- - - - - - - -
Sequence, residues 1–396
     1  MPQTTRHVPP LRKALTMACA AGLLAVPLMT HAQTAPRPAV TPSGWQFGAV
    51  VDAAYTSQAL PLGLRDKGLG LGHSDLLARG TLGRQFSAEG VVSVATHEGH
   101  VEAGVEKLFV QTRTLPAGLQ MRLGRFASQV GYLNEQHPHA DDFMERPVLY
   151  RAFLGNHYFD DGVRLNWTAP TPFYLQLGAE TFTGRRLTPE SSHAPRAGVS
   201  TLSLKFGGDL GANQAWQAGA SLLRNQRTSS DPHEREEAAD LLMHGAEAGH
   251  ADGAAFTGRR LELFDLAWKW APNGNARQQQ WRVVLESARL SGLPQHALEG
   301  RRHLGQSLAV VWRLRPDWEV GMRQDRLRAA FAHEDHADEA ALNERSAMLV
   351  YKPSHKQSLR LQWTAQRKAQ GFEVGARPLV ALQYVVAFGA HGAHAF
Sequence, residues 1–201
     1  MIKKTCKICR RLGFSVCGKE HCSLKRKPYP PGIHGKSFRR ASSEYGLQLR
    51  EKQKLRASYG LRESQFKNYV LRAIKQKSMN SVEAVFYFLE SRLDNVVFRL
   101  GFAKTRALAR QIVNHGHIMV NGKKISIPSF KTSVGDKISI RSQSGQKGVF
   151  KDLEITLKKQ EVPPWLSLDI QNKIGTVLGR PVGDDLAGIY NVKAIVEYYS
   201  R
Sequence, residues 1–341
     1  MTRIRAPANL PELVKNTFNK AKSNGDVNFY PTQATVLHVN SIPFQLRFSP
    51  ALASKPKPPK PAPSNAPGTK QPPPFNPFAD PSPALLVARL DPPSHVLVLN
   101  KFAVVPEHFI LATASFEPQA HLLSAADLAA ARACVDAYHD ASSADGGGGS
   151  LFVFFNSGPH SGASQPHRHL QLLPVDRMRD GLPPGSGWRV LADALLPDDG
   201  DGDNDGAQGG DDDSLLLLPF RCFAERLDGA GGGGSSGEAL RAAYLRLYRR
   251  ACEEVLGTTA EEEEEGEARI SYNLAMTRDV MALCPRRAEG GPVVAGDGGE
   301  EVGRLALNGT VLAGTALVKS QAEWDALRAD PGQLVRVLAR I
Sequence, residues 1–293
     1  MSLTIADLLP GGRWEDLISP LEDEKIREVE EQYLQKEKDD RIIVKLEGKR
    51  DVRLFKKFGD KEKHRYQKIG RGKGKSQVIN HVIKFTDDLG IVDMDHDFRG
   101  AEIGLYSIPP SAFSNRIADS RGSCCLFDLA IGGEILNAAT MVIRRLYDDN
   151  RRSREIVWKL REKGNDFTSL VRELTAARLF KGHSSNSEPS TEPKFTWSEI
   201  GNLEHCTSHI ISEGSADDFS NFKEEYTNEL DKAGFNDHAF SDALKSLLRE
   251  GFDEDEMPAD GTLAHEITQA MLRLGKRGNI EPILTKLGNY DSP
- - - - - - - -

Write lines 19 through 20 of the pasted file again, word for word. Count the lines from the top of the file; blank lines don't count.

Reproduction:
   101  KFAVVPEHFI LATASFEPQA HLLSAADLAA ARACVDAYHD ASSADGGGGS
   151  LFVFFNSGPH SGASQPHRHL QLLPVDRMRD GLPPGSGWRV LADALLPDDG